Stocks didn’t do a whole lot today.
First, the scoreboard:
- Dow: 16,140.1 (-14.2, -0.0%)
- S&P 500: 1,841.6 (+2.9, +0.1%)
- Nasdaq: 4,273.0 (+30.6, +0.7%)
And now the top stories:
- Weather continues to plague U.S. economic data.
- The New York Fed’s Empire State manufacturing index plunged to 4.58 in February from 12.51 in January. The new orders sub-index fell from 10.98 to -0.21. “The decline only reversed the sharp increase seen last month,” said Capital Economics’ Amna Asaf. “The New York Fed didn’t mention the weather as a factor behind the decline, but we suspect it played a role. The index still managed to stay above the boom-bust level of zero.”
- The NAHB housing market index unexpectedly plunged 10 points to 46 in February. This was the biggest decline on record. “Significant weather conditions across most of the country led to a decline in buyer traffic last month,” said NAHB Chairman Kevin Kelly. “Builders also have additional concerns about meeting ongoing and future demand due to a shortage of lots and labor.”
- The World Gold Council published its 2013 Gold Demand Trends Report this weekend. “2013 proved to be the year of the consumer, with gold jewellery demand close to pre-crisis levels and investment in small bars and coins hitting a record high,” they said. “The result was annual gold demand of 3,756.1 tonnes, valued at US$170bn. However, outweighing the impressive consumer demand were the effects of ETF outflows and lower central bank buying, resulting in 2013 demand 15% below the strong volumes recorded in 2012.”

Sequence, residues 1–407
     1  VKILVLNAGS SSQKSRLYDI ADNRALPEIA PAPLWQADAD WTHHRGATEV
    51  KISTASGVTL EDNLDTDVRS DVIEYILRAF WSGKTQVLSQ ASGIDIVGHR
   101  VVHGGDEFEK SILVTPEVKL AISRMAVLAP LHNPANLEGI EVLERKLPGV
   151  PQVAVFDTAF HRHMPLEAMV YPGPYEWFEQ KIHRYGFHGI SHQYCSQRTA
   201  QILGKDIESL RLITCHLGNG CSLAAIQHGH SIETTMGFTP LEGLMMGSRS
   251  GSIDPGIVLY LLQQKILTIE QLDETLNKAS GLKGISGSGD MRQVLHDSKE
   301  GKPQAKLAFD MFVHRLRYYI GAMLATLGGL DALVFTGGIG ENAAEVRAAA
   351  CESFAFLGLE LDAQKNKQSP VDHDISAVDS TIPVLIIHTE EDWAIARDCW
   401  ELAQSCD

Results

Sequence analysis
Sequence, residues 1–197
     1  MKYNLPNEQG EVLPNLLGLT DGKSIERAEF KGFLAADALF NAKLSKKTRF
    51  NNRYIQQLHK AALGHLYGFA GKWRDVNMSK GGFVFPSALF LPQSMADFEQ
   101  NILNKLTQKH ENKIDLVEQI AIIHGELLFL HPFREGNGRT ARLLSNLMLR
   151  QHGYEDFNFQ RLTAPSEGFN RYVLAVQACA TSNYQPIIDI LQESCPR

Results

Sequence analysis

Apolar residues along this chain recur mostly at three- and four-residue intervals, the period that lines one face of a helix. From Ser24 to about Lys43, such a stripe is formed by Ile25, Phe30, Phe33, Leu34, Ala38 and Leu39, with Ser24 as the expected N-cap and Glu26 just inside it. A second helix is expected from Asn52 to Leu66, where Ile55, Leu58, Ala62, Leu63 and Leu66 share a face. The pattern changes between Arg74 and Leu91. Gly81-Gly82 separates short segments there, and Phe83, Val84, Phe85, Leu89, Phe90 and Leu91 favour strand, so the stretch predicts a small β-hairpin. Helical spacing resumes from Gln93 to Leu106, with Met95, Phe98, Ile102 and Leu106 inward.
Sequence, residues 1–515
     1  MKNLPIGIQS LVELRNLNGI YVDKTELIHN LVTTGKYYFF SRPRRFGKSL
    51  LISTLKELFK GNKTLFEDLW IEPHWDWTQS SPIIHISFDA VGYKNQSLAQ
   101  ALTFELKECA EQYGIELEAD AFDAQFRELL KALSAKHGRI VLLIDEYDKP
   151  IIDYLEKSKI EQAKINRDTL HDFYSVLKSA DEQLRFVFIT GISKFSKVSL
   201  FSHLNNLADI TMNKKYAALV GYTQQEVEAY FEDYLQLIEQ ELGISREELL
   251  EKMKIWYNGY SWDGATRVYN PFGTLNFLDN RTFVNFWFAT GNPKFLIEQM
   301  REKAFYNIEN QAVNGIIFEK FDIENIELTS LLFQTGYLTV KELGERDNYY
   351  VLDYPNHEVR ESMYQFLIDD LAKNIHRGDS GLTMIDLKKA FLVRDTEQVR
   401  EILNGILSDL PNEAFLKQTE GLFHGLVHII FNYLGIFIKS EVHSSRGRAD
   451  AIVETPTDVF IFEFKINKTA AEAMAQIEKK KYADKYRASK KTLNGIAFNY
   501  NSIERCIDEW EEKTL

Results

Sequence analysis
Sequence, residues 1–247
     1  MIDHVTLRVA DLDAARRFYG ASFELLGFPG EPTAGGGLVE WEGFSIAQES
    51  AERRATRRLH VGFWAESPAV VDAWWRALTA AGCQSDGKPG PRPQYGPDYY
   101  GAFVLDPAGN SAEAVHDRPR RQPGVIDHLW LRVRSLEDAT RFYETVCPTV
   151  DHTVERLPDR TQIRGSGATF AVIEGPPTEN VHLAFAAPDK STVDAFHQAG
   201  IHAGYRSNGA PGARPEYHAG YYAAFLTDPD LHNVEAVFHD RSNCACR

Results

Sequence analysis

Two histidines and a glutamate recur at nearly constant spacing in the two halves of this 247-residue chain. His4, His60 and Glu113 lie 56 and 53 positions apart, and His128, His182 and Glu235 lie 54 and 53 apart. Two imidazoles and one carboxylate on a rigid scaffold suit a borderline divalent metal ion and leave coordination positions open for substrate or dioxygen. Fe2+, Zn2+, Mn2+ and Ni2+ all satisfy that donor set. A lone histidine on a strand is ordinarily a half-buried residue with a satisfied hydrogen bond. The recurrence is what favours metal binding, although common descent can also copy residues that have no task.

- According to Goldman Sachs, Bank of America Merrill Lynch, and Societe Generale, investors are worried about the emerging markets more than anything else in the world. “Five years ago, EM was ‘safe’ — banks were ‘toxic’,” said Michael Hartnett, chief investment strategist at BofAML. “In a complete reversal, EM is now the biggest risk to financial market stability, while DM counterparty and default risk is seen as minimal.”
According to new data from the New York Fed, household debt climbed 2.1% to $11.52 trillion in Q4 2013. “[O]verall growth in debt remains considerably more muted in 2013 than it was in 2006, with the exception of auto loans, where 2013 data continued to reflect the strong growth we have been seeing since mid-2011, and student loans,” noted NY Fed researchers. “In the case of student loans, the percentage growth has moderated since 2006, but since the outstanding balance has doubled, the lower percentage growth is associated with comparable dollar increases. Mortgage and home equity line of credit (HELOC) balances, in particular, grew much more slowly in 2013 than in 2006. Second, for all loan types and in both years, balance increases were mainly driven by younger age groups. Again, though, student loans are an exception: even older student loan borrowers continue to increase their borrowing.”
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